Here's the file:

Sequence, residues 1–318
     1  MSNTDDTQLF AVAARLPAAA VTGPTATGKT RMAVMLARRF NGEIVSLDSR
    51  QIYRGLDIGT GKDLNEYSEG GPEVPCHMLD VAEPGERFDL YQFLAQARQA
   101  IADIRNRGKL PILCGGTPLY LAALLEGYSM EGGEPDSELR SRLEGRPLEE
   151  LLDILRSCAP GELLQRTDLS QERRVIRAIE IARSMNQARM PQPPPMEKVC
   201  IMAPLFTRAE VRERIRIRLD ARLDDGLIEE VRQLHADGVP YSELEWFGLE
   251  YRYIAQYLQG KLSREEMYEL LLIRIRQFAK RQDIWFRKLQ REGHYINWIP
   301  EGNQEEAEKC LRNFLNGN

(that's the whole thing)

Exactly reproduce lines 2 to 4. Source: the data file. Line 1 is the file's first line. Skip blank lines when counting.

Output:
     1  MSNTDDTQLF AVAARLPAAA VTGPTATGKT RMAVMLARRF NGEIVSLDSR
    51  QIYRGLDIGT GKDLNEYSEG GPEVPCHMLD VAEPGERFDL YQFLAQARQA
   101  IADIRNRGKL PILCGGTPLY LAALLEGYSM EGGEPDSELR SRLEGRPLEE